A very Victorian Christmas

Sally Thorne has pointed out that some of my links to posts I did for Hodder are not working. Importantly a link to a post about teaching a Victorian Christmas lesson. As this might be useful to a few of you I’m going to paste it all below:

 

It’s December and Christmas is around the corner and term is fast coming to an end. Like other teachers I like doing something fun at the end of term but don’t see the point in showing the Snowman to a bunch of kids who will have seen it a million times before (although it is undeniably genius). So this year, like previous ones I am going to teach the a Christmas history lesson where the kids will actually learn something as well as having fun thus achieving two goals in one hour.

 

The history of Christmas as a tradition is fascinating. Essentially a midwinter feast which looked little like our modern day extravaganza  until the Victorians changed everything from trees to crackers to cards. Therefore this is where my inspiration began a couple of years ago and I’ve been tweaking my ideas ever since.

 

All my lessons are framed around an enquiry question so this lesson should be no different, so working on the Victorian theme, I use “What do Victorian Christmas traditions teach us about values and society in the 19th century?” It’s Christmas so it needs to be fun, therefore despite my fear the lesson has a bit of role play around the theme of a Victorian dinner party. Here’s my lesson plan, I’ve not included resources as I don’t have copyright over the images but they are easy to find:

 

Starter: Immersion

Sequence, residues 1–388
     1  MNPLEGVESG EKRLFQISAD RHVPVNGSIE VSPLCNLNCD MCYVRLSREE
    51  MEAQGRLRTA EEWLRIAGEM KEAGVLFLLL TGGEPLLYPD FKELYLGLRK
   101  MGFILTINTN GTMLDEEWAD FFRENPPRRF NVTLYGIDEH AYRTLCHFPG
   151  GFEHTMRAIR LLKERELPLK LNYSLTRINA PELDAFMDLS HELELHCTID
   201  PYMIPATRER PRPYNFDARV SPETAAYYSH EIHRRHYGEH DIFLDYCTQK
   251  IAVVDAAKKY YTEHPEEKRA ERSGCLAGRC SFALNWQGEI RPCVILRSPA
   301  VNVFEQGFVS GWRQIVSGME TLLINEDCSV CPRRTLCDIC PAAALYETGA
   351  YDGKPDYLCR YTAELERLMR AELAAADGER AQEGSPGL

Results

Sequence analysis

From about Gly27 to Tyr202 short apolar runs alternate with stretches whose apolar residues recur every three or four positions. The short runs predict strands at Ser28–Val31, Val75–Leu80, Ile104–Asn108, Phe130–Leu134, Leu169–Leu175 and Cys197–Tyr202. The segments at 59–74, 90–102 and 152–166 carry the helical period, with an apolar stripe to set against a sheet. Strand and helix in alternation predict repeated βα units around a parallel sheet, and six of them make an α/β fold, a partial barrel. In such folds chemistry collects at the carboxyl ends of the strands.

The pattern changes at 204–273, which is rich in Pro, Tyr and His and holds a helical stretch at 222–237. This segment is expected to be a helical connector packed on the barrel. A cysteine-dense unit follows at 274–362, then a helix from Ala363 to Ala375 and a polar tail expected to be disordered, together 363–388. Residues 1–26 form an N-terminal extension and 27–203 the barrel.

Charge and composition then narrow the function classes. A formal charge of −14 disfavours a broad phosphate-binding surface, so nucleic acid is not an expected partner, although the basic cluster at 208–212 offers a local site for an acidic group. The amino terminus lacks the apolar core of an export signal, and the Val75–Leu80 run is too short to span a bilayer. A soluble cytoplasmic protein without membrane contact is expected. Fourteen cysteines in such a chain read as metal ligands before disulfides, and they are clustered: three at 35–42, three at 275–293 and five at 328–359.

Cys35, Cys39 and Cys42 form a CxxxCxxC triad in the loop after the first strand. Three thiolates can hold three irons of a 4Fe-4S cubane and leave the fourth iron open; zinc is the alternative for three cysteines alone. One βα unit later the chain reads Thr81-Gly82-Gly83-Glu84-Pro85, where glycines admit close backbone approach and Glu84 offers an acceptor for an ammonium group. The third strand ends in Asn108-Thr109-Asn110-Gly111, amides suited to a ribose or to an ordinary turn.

Set up the room so all the tables are squished into one big table across the room. On the IWB put a slide of Victorian Christmas party and the carol ‘O Little Town of Bethlehem’ is playing. As the kids enter read a bit of Dickens’ Christmas Carol and don’t explain what is happening. The kids will freak out a little which is fun.

 

MAIN:

Task 1: Teacher Introduction

After this ask the kids where are we. One bright spark should say Victorian Britain (hopefully) and use this as a way to introduce the fact that Victorians created our Christmas traditions. Explain that today we have 30 minutes to set up a Victorian Christmas party.

 

Task 2: Setting up the party

Split the class into four groups and give them one of the following jobs.

  • Crackers – Using coloured paper this group will need to make about 10 crackers with jokes and hats inside. It doesn’t matter that there are no bangs!

  • Carols / Entertainment – This group need to use the internet to find two carols to perform (choose kids who like performing!) and some Dickens to read.

  • Tree Decorations – Using coloured paper this group need to make tree decorations that can either be put on a tree (if you have one) OR just draw a tree on the board and get them to stick the decorations on.

  • Christmas Cards – Google search and print off lots of Victorian Christmas images and get this group to try and make one card for each student.

 

Task 3: The party

I normally buy some mince pies and after the 30 minutes get the students to sit down for the party (after clearing up). As a group you can now share Christmas cards, pull a cracker and listen to some entertainment, whilst eating a mince pie. This need only take 10 minutes as its all that’s needed and can be a little chaotic.

 

Plenary: Discussion

Explain that we weren’t doing this just for a laugh. We are trying to learn something. Introduce the enquiry question and let the discussion begin. In previous years I had kids saying things like “the Victorians must have had lots of money to be able to do this”, which is nice as it can lead to further questions of why? and what might this lead to?

 

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